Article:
6 Immigration Courts Reopened For Filings Amid Pandemic

By Suzanne Monyak
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Law360 (March 25, 2020, 3:54 PM EDT) -- The U.S. Department of Justice has partially reopened six immigration courts in New York and other major cities after previously closing them in response to the spread of the new coronavirus, giving attorneys less than a week to submit any filings due during the closure.

The DOJ’s Executive Office for Immigration Review, which oversees the U.S. immigration court system, said on Twitter on Tuesday night that effective Wednesday, immigration courts in Atlanta, Houston, Los Angeles, Memphis, New York City and Sacramento would be reopened for the limited purpose of accepting filings.

EOIR initially tweeted shortly after 6 p.m. that all filings that had been due during the weeklong closure, which had been set to last until at least April 10, would be due the following day, but the agency deleted that tweet soon after and set a filing deadline of March 30 for those courts.

Ashley Tabaddor, president of the immigration judges' union, said that immigration judges were not all notified of the reopenings ahead of time by the agency. It is “as if there is no rhyme or reason to how things are done," she said. “They’re just making it up as they go."

The revised tweet, posted at 7:51 p.m., also said that documents do not need to be filed in-person. But partially reopening courts will require court staffers to come to work and perhaps even take public transportation, which could expose them and their families to the virus, said Laura Lynch, senior policy counsel for the American Immigration Lawyers Association.

“I can’t read the tea leaves into why EOIR made this decision,” Lynch told Law360 on Wednesday. “But they’re completely failing in their obligation to provide a safe environment.”

Lynch also said it will be difficult for attorneys to file a week's worth of filings by March 30. Those who don’t want to come to the court in person or who live in cities that have issued shelter-in-place orders would have to prepare filings even earlier to ensure they arrive in time by mail.

“I think that this is absolutely added pressure for attorneys at a time where there is such anxiety in facing this global pandemic day-to-day, both professionally and personally,” she said.

Lily Axelrod, a Memphis, Tennessee-based immigration attorney at Siskind Susser PC, told Law360 that Tuesday night’s tweets had prompted “confusion and outrage” from attorneys who thought they had until after April 10 at the earliest before those filings would be due.

The tweets prompted particular panic in Memphis, where a shelter-in-place order was set to take effect less than an hour after EOIR’s first tweet announcing a next-day deadline.

“They said, 'Surprise — your court is opening tomorrow and all filings are due now.' We assumed we had two weeks,” she said.

Even a March 30 deadline could be difficult for attorneys like herself, who have had to take on child care duties on top of the challenges of practicing law remotely, Axelrod added.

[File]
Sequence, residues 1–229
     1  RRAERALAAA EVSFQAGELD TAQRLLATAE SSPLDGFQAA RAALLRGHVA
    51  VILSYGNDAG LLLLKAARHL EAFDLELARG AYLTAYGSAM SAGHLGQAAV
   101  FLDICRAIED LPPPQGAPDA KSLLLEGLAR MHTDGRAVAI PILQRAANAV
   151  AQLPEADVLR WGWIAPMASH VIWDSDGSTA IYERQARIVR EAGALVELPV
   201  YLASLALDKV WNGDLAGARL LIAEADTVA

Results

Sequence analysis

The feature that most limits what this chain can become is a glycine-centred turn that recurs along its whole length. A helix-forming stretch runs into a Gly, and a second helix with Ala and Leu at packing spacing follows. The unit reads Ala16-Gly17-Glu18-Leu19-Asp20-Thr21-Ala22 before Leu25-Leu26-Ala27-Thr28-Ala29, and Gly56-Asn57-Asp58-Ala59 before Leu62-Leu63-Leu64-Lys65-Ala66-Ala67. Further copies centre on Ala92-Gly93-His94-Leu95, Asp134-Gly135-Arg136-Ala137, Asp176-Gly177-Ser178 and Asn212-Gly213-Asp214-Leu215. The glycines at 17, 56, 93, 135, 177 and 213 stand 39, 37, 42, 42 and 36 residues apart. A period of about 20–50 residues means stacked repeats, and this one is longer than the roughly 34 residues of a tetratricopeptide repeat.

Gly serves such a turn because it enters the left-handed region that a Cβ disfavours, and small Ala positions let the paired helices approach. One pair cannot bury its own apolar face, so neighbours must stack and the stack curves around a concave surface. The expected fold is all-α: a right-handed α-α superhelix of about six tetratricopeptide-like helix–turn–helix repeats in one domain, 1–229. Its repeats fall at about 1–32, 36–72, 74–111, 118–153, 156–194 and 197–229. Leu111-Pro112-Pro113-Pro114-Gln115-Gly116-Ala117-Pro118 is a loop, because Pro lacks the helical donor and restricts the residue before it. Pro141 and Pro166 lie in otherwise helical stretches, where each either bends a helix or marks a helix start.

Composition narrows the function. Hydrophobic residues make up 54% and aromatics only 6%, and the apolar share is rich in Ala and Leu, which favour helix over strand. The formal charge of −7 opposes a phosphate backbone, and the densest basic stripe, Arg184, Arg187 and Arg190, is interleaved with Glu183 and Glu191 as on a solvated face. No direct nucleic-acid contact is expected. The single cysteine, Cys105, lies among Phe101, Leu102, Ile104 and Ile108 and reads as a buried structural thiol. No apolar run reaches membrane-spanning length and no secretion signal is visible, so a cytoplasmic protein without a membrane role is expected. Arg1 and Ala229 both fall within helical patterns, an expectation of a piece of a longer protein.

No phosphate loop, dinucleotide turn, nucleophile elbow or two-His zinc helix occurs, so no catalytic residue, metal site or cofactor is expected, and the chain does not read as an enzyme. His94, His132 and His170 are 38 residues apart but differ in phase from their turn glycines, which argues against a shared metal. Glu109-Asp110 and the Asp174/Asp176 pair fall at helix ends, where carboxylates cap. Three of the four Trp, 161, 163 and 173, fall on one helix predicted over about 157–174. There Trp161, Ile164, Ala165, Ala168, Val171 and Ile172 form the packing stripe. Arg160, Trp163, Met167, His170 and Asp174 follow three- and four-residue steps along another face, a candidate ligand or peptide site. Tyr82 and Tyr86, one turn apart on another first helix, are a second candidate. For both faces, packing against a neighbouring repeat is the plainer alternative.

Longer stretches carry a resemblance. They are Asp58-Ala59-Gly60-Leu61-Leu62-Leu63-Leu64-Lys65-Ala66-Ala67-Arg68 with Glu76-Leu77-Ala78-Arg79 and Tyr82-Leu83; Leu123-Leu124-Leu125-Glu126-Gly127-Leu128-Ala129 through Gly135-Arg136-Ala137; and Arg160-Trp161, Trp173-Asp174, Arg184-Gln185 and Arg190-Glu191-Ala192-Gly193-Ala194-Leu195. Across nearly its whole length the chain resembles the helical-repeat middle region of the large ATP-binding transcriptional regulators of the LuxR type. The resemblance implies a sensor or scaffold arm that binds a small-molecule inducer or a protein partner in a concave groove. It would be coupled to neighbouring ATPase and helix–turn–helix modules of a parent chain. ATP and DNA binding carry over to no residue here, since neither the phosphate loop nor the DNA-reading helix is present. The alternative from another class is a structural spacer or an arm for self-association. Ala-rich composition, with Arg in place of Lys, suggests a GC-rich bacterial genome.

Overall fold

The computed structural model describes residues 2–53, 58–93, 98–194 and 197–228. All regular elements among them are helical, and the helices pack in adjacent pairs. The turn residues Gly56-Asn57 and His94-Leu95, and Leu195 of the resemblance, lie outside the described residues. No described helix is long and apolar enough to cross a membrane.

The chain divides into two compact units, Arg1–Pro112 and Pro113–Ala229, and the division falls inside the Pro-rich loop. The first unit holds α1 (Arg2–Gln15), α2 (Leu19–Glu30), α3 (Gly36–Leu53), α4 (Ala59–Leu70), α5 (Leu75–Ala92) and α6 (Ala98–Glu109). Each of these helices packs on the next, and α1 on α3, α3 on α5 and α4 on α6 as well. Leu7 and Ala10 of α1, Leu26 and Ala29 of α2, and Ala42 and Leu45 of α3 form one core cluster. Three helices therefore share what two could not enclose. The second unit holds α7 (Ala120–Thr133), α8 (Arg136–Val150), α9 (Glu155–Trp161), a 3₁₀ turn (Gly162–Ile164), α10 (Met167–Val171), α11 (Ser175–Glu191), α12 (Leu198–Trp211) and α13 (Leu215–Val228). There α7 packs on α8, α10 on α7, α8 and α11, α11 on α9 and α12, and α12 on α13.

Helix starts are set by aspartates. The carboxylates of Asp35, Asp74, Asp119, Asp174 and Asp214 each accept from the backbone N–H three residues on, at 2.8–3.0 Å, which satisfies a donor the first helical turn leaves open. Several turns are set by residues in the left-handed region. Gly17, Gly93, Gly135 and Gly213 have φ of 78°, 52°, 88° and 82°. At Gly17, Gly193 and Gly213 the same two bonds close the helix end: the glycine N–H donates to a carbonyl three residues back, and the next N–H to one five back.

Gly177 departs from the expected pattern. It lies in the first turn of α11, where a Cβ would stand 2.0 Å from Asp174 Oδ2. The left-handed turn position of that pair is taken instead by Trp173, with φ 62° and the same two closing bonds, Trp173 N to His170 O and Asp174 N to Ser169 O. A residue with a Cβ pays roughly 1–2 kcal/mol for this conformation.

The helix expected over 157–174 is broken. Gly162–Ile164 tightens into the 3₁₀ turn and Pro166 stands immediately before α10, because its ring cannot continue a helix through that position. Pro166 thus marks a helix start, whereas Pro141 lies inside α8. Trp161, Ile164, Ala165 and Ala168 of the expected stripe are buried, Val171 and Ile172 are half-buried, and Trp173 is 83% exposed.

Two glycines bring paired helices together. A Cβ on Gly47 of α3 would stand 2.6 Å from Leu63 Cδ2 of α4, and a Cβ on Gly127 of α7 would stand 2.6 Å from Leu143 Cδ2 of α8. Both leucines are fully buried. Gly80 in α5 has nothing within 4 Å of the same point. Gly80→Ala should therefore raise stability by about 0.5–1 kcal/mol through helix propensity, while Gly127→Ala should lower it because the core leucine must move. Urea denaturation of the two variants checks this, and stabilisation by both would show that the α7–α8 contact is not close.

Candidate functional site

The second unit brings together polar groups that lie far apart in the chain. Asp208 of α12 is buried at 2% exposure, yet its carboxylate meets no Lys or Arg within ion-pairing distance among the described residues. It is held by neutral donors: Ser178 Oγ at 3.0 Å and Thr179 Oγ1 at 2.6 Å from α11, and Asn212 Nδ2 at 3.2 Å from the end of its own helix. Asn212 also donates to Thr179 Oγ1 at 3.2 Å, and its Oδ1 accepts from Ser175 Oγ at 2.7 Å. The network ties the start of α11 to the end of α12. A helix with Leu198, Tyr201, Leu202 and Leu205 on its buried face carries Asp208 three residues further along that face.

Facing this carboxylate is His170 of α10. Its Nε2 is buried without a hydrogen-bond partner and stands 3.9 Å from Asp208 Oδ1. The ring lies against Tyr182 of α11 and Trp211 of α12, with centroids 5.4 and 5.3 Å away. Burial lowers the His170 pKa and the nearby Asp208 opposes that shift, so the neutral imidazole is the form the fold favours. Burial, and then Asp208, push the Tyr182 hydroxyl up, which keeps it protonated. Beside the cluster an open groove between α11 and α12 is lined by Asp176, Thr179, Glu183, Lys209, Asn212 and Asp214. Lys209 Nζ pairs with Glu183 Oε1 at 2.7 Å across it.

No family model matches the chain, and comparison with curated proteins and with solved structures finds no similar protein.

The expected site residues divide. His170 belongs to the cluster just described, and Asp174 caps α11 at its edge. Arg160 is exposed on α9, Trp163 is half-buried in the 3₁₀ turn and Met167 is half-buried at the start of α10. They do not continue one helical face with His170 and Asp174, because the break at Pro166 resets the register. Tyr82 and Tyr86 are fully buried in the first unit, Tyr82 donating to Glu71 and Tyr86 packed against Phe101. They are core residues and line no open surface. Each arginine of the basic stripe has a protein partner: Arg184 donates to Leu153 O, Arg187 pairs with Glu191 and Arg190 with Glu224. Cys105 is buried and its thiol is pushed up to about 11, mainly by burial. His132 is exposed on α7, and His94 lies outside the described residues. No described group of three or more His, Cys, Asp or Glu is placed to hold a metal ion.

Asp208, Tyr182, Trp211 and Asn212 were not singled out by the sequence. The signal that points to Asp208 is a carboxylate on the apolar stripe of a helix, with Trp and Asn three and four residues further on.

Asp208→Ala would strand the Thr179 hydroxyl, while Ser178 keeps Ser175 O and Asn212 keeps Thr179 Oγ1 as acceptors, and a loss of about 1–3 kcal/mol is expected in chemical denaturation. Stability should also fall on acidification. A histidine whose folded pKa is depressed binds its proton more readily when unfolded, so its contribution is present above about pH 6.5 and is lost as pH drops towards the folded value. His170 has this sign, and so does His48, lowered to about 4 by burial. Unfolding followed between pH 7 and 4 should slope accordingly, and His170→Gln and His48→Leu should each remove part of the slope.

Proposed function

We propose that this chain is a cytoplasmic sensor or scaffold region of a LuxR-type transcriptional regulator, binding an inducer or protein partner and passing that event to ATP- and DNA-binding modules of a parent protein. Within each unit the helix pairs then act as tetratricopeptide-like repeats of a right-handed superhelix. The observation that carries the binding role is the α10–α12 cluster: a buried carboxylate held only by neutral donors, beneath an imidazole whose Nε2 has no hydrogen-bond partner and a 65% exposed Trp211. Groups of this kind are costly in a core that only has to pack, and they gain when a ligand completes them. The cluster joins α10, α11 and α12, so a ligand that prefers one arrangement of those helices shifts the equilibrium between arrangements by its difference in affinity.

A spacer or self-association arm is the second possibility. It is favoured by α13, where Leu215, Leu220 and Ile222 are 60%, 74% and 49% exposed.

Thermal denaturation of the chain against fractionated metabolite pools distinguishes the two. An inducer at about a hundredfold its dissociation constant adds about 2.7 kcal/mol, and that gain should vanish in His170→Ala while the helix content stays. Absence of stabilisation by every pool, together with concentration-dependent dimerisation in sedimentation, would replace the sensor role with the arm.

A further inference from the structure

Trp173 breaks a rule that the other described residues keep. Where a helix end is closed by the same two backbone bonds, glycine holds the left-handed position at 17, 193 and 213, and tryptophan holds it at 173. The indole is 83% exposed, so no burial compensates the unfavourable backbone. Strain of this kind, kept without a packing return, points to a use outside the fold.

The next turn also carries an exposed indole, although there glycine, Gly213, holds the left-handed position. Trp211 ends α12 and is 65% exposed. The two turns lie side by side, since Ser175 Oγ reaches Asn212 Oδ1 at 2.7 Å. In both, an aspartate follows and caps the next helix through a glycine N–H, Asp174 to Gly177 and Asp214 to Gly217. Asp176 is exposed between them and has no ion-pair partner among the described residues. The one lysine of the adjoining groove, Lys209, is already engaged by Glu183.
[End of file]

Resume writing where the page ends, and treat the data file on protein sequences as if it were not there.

With the partial reopenings, just five of the 69 immigration courts nationwide are fully closed, including Louisville, Kentucky’s immigration court, which has been closed since August for reasons unrelated to the virus. The other four fully closed courts are in Charlotte, Newark, New York's Federal Plaza and Seattle.

All immigration court hearings for immigrants not in detention remain postponed. Immigration court hearings for migrants waiting in Mexico under the Trump administration Migrant Protection Protocols have also been suspended.

Meanwhile, immigration judges and attorneys have continued to ramp up calls to close the immigration courts altogether, warning that keeping the courts open puts court staff and immigrants at risk and flies in the face of the Centers for Disease Control and Prevention’s recommendations to stay home.

Federal and state courts across the U.S. have closed their doors in response to the coronavirus pandemic. Yet EOIR has chosen instead to close its immigration courts in a more piecemeal fashion, even as confirmed and suspected cases of COVID-19, the disease caused by the coronavirus, were reported in immigration courts in Atlanta, Denver, New York City and Elizabeth, New Jersey.

After those reports, EOIR announced that the Varick Street court in Manhattan and the Elizabeth court, which handles detained cases, would be closed on Tuesday but then both courts were marked open a day later.

Lynch also faulted EOIR for consistently posting immigration court closures and other updates on Twitter after East Coast business hours. Attorneys have started creating Twitter accounts just to follow the agency and keep abreast of these changes, Lynch said.

After the agency initially tweeted that a week’s worth of filings would be due the following day, a deadline Lynch said was “absolutely not feasible,” Lynch received more than a dozen calls, texts and emails from worried attorneys. About an hour-and-a-half later, the deadline was changed to March 30 with no explanation.

“It really demonstrates that the immigration court, it’s not like other courts,” she said. “It is being politicized, and they’re just creating policies very easily via tweet. But that’s not a real court, that’s not how real courts do justice.”

A spokesperson for EOIR didn’t respond to a request for comment Wednesday.

--Editing by Gemma Horowitz.

Update: This story has been updated with a comment from the president of the immigration judges' union. 

Correction: An earlier version of this story misstated when Memphis' shelter-in-place order took place. The error has been corrected. 

For a reprint of this article, please contact reprints@law360.com.

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